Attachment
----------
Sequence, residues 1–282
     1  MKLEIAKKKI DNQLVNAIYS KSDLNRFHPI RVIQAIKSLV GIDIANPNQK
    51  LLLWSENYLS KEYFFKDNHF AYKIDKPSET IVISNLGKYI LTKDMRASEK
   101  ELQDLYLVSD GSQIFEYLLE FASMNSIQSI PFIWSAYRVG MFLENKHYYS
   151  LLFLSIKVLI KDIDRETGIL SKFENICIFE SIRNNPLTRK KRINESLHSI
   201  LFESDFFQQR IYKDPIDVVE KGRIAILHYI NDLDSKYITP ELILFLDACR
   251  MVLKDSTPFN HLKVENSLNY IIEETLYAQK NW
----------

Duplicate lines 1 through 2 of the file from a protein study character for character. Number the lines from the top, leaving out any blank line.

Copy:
Sequence, residues 1–282
     1  MKLEIAKKKI DNQLVNAIYS KSDLNRFHPI RVIQAIKSLV GIDIANPNQK